Ans. The 2030 Agenda for Sustainable Development, adopted by all United Nations Member States in 2015, provides a shared blueprint for peace and prosperity for people and the planet, now and into the future. At its heart are the 17 Sustainable Development Goals (SDGs), which are an urgent call for action by all countries – developed and developing – in a global partnership. They recognize that ending poverty and other deprivations must go hand-in-hand with strategies that improve health and education, reduce inequality, and spur economic growth – all while tackling climate change and working to preserve our oceans and forests. The SDGs build on decades of work by countries and the UN, including the UN Department of Economic and Social Affairs In June 1992, at the Earth Summit in Rio de Janeiro, Brazil, more than 178 countries adopted Agenda 21, a comprehensive plan of action to build a global partnership for sustainable development to improve human lives and protect the environment. Member States unanimously adopted the Millennium Declaration at the Millennium Summit in September 2000 at UN Headquarters in New York. The Summit led to the elaboration of eight Millennium Development Goals (MDGs) to reduce extreme poverty by 2015. The Johannesburg Declaration on Sustainable Development and the Plan of Implementation, adopted at the World Summit on Sustainable Development in South Africa in 2002, reaffirmed the global community’s commitments to poverty eradication and the environment, and built on Agenda 21 and the Millennium Declaration by including more emphasis on multilateral partnerships. At the United Nations Conference on Sustainable Development (Rio+20) in Rio de Janeiro, Brazil, in June 2012, Member States adopted the outcome document “The Future We Want” in which they decided, inter alia, to launch a process to develop a set of SDGs to build upon the MDGs and to establish the UN High-level Political Forum on Sustainable Development. The Rio +20 outcome also contained other measures for implementing sustainable development, including mandates for future programmes of work in development financing, small island developing states and more. In 2013, the General Assembly set up a 30-member Open Working Group to develop a proposal on the SDGs. In January 2015, the General Assembly began the negotiation process on the post2015 development agenda. The process culminated in the subsequent adoption of the 2030 Agenda for Sustainable Development, with 17 SDGs at its core, at the UN Sustainable Development Summit in September 2015. 2015 was a landmark year for multilateralism and international policy shaping, with the adoption of several major agreements: Sendai Framework for Disaster Risk Reduction (March 2015) Addis Ababa Action Agenda on Financing for Development (July 2015) Transforming our world: the 2030 Agenda for Sustainable Development with its 17 SDGs was adopted at the UN Sustainable Development Summit in New York in September 2015. Paris Agreement on Climate Change (December 2015) Now, the annual High-level Political Forum on Sustainable Development serves as the central UN platform for the follow-up and review of the SDGs.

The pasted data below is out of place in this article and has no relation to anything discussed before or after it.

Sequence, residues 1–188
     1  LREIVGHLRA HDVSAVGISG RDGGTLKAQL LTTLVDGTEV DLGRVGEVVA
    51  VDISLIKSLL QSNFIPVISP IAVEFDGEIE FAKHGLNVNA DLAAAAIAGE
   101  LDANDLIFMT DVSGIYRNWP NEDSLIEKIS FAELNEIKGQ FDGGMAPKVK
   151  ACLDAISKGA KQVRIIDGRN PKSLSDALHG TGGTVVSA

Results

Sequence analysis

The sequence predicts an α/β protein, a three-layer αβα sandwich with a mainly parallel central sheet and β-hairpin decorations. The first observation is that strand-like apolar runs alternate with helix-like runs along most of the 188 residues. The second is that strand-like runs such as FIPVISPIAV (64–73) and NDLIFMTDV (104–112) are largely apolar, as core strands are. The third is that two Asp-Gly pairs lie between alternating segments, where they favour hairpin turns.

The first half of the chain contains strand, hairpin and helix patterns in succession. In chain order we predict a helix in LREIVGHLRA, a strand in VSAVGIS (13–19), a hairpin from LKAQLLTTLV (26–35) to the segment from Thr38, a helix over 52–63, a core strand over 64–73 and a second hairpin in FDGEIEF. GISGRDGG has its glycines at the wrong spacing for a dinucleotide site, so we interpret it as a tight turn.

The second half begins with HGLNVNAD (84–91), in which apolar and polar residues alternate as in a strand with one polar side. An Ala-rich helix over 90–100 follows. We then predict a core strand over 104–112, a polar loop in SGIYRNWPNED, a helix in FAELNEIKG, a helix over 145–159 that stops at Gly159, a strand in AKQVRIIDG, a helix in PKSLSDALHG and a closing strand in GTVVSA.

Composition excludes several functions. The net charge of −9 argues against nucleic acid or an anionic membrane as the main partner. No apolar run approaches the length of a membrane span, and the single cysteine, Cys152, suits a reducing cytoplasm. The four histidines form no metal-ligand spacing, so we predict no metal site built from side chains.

4. Women and Fisheries